PANICALE, Umbria – A hour in the garden, a walk in the clouds. Work, work, work. Garden, garden, garden. A phone rings. Oh no, Paulette can’t come. While I am talking to her on the phone, I see Steve and family in person waving down at me from above the garden wall. Goodbye Paulette, hello Steve. As soon as we get inside Midge is coming in the other door. An hour later, with the door to Via del Filatoio open to let Steve and family out, Elida and Guenter are coming in. Too fun. Our first evening is shaping up nicely. And tomorrow? We have a plan. And that is where the raves began.
La Foce outside Monteciello in Tuscany


MONTECCHIELLO, Tuscany – Hard not to rave and rave about this lovely side trip we launched into our first full day on the ground. How have we missed this jewel? We’ve read all the books about it. Its right in our neighborhood. 20 minutes away? Past CianocianoTerme near Montepulciano.

We are just such Philistines that despite entreaties from left and right we had not ever been to La Foce. Have you been there? If you have you know the Iris Origo connection. And most importantly, have you stopped to eat on your way to La Foce at La Porta? Add in a summery summery end of autumn day and good friends and you have the ingredients for quite a day. We loved every sun-drenched minute.

We felt we knew the Villa La Foce a bit because it is annotated and documented in several books. One book related to it would spin us off into another and it’s a very rich and interested combination of stories. We’d read Iris Origo books including The Merchant of Prato, and War in the Val d’Orcia and we have the big coffee table photo books of it, so it is strange we hadn’t hopped over there. But it was high on this trip’s list and we made it happen Day One.
La Foce gardens
The story of how this massive, landscaped fantasyland villa and more than 10,000 acres of farm can to be is well told in all the books about Iris’s life. And what a life she had. She was half English, half American and pretty much all Rich. Her mother owned the most important Medici villa in Florence and Iris rebelled a bit against that and went Back to Nature in this farm life she chose for herself. Sort of. It was a farm but a fairly gilded farm. The gardens and grounds were spared no expense and are palatial at least. Every color plant and tree frames views that were embellished and enhanced and perfected over the years off into the distance as far as you can see. Which they could do because they owned from the villa to infinity. And beyond.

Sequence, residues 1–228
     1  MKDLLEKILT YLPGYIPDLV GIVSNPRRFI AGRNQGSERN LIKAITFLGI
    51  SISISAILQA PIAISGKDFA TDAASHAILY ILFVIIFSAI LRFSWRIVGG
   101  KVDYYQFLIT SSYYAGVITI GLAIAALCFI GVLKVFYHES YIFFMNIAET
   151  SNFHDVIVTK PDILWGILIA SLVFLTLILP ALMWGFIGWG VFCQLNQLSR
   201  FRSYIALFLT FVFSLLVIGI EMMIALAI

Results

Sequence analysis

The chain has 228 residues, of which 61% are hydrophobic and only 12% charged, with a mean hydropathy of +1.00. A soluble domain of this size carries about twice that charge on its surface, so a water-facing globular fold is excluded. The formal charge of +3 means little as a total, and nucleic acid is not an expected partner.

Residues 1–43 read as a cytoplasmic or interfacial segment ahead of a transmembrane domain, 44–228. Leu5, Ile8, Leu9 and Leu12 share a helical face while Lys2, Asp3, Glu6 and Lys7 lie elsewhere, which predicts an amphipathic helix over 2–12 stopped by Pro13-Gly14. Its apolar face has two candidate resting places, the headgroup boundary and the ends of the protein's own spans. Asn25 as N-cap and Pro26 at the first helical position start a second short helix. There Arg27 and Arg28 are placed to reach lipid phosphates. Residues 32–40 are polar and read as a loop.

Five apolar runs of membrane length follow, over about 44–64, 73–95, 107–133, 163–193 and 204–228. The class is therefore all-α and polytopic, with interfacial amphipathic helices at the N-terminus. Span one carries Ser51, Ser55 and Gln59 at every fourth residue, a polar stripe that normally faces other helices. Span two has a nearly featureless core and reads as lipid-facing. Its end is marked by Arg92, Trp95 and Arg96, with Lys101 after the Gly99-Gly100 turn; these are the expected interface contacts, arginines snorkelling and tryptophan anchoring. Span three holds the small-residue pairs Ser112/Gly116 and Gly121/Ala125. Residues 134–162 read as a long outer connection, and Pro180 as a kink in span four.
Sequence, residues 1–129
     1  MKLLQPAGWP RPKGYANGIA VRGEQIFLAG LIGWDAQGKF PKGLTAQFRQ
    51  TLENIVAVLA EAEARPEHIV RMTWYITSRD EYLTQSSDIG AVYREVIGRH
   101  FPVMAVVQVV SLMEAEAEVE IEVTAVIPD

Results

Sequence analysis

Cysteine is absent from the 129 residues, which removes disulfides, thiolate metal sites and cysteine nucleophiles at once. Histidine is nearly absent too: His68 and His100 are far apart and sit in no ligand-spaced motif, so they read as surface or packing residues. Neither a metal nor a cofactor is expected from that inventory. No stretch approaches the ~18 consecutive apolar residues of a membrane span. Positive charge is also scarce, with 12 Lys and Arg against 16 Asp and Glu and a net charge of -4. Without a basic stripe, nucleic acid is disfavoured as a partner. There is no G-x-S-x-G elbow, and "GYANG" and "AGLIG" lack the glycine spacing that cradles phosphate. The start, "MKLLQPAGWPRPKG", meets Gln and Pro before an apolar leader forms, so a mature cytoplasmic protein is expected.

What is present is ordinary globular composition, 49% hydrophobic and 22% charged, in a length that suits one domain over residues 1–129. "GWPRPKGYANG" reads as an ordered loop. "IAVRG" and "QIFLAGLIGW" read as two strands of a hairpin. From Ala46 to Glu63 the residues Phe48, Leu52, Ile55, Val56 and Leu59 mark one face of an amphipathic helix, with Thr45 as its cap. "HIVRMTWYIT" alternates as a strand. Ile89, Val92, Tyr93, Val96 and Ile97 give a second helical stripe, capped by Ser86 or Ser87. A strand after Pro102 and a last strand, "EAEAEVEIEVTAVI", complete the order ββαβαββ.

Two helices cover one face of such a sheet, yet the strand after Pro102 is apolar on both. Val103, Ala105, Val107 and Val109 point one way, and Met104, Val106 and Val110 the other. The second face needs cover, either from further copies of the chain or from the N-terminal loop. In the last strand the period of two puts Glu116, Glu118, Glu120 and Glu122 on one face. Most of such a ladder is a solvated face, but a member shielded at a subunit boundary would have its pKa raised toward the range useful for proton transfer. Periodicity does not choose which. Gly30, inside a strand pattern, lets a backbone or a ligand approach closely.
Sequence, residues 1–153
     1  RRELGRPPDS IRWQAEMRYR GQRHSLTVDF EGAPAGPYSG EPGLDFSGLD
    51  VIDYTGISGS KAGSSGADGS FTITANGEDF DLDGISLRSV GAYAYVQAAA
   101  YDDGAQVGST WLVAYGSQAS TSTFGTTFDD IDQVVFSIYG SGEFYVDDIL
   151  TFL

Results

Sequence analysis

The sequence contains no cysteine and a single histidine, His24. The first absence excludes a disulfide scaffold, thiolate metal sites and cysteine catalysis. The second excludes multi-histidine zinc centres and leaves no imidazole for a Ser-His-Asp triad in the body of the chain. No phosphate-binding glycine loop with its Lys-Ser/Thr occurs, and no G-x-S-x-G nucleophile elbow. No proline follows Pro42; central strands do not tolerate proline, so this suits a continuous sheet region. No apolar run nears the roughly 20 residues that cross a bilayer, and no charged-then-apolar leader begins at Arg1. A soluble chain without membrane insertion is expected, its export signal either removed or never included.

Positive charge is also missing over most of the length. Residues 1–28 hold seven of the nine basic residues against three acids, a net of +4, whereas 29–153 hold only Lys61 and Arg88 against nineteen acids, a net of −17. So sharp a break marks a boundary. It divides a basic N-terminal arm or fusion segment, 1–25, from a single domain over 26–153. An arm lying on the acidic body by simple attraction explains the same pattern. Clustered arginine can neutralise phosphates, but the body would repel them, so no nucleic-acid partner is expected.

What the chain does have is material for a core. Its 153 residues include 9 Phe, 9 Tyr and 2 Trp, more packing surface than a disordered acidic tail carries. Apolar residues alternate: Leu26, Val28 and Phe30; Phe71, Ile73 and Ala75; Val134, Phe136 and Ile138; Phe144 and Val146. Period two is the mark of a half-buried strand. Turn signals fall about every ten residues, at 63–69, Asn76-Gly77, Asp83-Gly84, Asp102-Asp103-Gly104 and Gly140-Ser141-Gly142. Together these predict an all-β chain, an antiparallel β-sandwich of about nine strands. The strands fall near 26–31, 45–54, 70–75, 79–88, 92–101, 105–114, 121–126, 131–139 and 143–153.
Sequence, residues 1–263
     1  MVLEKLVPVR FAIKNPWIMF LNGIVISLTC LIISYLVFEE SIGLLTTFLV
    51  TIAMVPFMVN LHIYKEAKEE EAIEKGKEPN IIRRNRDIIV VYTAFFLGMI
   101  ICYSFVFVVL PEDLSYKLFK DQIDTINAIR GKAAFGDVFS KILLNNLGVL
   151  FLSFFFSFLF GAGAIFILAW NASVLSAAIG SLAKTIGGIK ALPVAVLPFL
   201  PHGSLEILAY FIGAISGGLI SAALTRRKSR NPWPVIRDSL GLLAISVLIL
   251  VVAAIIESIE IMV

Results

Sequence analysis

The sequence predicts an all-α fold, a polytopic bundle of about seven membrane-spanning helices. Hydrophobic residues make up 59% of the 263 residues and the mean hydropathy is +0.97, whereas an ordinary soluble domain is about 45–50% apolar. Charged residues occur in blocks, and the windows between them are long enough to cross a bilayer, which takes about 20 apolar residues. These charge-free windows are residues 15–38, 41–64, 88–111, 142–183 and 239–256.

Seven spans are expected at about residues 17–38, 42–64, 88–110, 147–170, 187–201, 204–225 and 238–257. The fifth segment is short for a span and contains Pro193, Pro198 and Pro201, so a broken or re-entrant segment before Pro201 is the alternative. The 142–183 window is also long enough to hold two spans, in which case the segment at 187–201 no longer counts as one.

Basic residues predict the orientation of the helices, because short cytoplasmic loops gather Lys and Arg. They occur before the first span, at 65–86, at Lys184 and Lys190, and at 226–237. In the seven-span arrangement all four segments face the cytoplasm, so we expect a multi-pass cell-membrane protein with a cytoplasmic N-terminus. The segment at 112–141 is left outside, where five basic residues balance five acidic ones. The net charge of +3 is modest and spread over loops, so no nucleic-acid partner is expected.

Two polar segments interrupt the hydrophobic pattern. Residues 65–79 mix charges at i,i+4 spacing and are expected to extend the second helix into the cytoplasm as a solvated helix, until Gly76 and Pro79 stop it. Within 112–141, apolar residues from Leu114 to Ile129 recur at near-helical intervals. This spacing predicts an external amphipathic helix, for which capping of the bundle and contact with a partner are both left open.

One of the lame reasons we hadn’t seen La Foce is that it is only open for two showings a week. 3 pm Wednesday, followed by 4 pm Wednesday. 10 euro ticket and worth 10 and the price of a plane ticket from wherever you may be.

But IF you need more motivation, treat yourself to lunch at La Porta before La Foce. No, really. Go ahead. You deserve it. Like the name implies it is right at the village gate. Montecchiello’s gate. We were outside bonding with the sweeping views of the Sienese crete from the terrace overlooking the valley. The stone terrace itself seems carved out of the old old city gate. Most excellent position and it was wonderful to have sunglasses and or floppy hats almost required by the brilliance of the sun. But the food outshone even this. Paulette had gone on and on about it to us our first night. So when Steve, reading from a scrap of paper, said “Aldo wrote this name here . . . some place named La Porta. . . ?” we said Heck yes, lets get there already. Complete out of body experience. The staff was so cool they let us sample around and really enjoy it all. We ordered all three of the antipasta specials they mentioned and they brought us each a small plate and we dived in. Really and truly have no idea what the names of all the cheeses were but lets just call them Most Excellent Cheeses. One was a super fresh new cheese, almost cottage cheese consistency (Steve later set me straight: burrata is its name and it is a “young” mozzarella). There was a big plate of that surrounded by diced red tomatos. Too good to be true. Another plate was all fresh greens and bits of a glorious something cheese and the last plate was warmed pecorino morbida and Cinta Sienese proscutto. The ham from that white belted black pig is legendary in this region and totally will put you off all others. They did the sheep cheese here like brie and spread it on bread and we fought ever so politely over the scraps and crumbs on every plate.
La Porta restaurant outside La Foce
And the staff here at La Porta didn’t bat an eye when we said we wanted pasta samplers as well as mix and match anti pastas. So all of us got plates that included pici and duck, pici and cinghiale (they were so embarrassed. This was to be on papparadelle) and ravioli stuffed with artichokes.


One of my favorite meals in decades of eating in Italy. The day and the company and the location had something to do with it but this was some fine recreational dining. The local white wine was off the chart as well. I saw Steve look up from some stellar food, wash it down with the wine and look back at their glass and not wanting to interrupt a conversation in full swing at the other end of the table just mouth What IS this? I’ll ask him later if he remembers finding out the name of that heaven in a glass HEY STEVE. Ok, he doesn’t remember either. But what I call it is Mightyfine. Just like the whole day. Worth the whole trip. And we are just getting warmed up what with this being merely the first FULL day.